I really like options 1 and 3 OP. You cannot guarantee your boyfriend will address this, but at least if he receives some sound options, he might feel more confident about doing so.

    1. Goobledigook*

      Also, a side-effect of your giving him these tips on how to address it is that it will show him how much it bothers you. You can see a lot based on how he reacts to that.

    2. Ask a Manager* Post author

      One possibility I’d pictured was the OP’s boyfriend saying he didn’t want to anger his manager, more to end the conversation than because he really feared that. I’m obviously not saying that’s definitely the case — it’s absolutely possible that the boyfriend very much wants to figure out how to handle these calls — but it occurred to me as a possibility, since I’ve seen similar things happen between people. (OP, if that’s not the case here, please excuse the speculation!)

      I agree that it becomes the OP’s business when their time together keeps getting interrupted by these calls, but I think I’d say that she should address the fact of the interruptions more than tell her boyfriend how to handle them. (The interruptions that affect her are her business; the details of how he manages his work life are not.)

      1. Goobledigook*

        Agreed! That’s actually what I was eluding to by saying that how he reacts based on knowing it bothers the OP says a lot. It will most likely tell her if he’s saying he fears bringing it up with his work more to end the conversation than because it genuinely does.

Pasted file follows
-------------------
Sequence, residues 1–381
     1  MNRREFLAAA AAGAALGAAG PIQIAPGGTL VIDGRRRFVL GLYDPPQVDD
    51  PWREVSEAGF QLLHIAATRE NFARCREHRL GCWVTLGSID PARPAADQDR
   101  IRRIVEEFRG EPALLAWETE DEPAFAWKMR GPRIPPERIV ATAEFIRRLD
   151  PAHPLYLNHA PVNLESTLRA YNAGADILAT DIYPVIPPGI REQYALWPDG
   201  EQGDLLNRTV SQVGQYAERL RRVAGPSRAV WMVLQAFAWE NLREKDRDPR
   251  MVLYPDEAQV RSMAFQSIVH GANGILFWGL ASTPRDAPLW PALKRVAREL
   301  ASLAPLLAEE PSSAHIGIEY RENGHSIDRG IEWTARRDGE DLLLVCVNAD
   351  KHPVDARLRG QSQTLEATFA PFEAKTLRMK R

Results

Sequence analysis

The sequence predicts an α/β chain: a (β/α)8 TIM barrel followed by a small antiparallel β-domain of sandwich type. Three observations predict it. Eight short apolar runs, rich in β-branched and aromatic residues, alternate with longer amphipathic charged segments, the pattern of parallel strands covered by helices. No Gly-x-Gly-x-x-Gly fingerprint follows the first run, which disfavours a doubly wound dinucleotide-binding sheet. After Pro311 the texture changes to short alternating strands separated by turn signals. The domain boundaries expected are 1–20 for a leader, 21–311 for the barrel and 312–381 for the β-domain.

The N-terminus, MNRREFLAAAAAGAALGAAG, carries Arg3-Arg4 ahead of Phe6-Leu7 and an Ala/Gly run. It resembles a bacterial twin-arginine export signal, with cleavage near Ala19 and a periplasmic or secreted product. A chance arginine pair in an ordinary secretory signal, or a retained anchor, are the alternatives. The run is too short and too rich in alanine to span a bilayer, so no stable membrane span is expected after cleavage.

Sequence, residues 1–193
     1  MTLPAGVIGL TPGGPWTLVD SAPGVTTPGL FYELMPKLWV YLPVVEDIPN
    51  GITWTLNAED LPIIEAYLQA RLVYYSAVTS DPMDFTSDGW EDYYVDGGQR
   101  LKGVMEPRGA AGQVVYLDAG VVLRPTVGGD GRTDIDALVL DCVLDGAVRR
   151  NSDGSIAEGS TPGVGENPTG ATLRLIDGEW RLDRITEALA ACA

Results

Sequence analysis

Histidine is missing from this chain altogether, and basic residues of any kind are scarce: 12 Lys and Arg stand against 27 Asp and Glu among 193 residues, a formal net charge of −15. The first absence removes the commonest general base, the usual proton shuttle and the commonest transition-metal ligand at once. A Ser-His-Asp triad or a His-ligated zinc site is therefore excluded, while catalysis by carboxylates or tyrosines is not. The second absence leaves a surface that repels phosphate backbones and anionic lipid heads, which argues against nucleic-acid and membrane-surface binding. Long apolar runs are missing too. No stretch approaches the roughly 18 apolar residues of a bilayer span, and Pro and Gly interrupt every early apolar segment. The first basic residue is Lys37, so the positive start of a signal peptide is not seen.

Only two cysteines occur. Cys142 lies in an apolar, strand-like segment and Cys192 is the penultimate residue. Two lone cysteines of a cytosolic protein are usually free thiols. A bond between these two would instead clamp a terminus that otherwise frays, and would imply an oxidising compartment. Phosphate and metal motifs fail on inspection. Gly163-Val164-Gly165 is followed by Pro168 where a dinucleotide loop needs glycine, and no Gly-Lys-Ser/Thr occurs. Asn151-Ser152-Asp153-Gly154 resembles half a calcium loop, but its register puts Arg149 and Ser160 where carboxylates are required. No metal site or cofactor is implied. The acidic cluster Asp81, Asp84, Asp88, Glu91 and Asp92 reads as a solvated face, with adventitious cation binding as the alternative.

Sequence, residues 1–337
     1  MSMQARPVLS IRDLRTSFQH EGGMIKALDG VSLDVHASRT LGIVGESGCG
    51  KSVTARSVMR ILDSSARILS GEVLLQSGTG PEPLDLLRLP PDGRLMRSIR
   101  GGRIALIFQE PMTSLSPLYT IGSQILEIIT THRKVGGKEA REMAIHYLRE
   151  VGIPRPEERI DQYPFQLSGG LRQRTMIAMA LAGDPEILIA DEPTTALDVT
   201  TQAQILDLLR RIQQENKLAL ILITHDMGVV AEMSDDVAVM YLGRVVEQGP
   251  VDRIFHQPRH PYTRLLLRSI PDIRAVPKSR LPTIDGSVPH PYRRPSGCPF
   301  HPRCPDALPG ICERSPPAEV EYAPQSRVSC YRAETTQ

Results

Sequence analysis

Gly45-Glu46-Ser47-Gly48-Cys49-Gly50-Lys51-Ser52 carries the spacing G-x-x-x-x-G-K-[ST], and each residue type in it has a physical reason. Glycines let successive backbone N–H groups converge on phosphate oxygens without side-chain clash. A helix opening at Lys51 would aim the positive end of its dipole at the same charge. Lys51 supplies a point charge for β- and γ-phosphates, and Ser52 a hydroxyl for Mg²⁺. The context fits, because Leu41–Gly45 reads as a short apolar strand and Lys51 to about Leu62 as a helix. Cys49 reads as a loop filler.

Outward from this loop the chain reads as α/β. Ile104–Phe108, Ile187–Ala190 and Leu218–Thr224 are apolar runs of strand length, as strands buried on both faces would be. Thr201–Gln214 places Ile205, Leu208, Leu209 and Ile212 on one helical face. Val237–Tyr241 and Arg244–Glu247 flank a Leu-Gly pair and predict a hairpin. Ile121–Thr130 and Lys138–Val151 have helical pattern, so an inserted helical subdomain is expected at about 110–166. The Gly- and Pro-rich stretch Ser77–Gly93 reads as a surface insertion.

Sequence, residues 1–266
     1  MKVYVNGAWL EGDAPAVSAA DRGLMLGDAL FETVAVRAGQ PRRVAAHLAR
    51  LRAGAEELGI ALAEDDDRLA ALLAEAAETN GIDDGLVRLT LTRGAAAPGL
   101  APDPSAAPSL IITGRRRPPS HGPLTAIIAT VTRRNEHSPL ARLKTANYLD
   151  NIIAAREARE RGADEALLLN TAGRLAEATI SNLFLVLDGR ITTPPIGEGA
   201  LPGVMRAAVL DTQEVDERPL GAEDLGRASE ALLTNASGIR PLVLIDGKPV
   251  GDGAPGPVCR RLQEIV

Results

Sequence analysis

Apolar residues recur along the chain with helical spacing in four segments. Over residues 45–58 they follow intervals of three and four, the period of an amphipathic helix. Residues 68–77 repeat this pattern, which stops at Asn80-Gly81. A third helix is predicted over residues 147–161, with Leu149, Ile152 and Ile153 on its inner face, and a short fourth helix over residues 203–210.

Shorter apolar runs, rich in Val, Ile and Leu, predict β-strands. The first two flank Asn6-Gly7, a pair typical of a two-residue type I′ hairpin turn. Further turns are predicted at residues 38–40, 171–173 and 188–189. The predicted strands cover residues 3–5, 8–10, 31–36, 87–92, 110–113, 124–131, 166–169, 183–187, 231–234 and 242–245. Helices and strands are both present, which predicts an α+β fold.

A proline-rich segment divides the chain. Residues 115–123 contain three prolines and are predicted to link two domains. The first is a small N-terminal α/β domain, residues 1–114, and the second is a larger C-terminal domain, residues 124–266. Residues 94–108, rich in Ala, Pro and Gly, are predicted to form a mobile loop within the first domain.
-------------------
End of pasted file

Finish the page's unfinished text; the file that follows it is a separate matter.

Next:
Again, all speculation and my apologies as well, OP if I am way off the mark :-)

  4. AdAgencyChick*

    I like option 2, honestly, and not just because I hate confrontation (although I do). It’s because, in my experience, asking someone to stop a behavior they’re used to rarely works as well as simply making the behavior not have the desired effect. You ask them to stop, they may get annoyed at you or they may respond reasonably, but very likely by the next time a situation comes up, they’ve forgotten your request and whooops! the phone starts ringing again.

    You don’t answer the phone, then the caller is forced to figure it out. Best case scenario, the caller figures it out and isn’t upset about having to figure it out without help. Maybe not, and the caller complains to OP’s boyfriend next time they’re in the store together, at which point OP’s BF can say, “What? It was my day off.” Worst case, caller complains to OP’s BF’s boss. If it’s a reasonable boss, the boss will say, “What were you doing calling him on his day off?” If not, the boss confronts BF, at which point BF can pursue option #1 (“Well, boss, I’m happy to answer the phone when I’m not in, but let’s figure out how to get that on my timesheet”).

    Call me a cynic, but I find that people return over and over to the easiest method that works for them, regardless of whether or not that method is considerate of other people. But once the easiest method stops working, then they turn to the next easiest method. So IMO the key to not being walked on is to not BE the easiest method!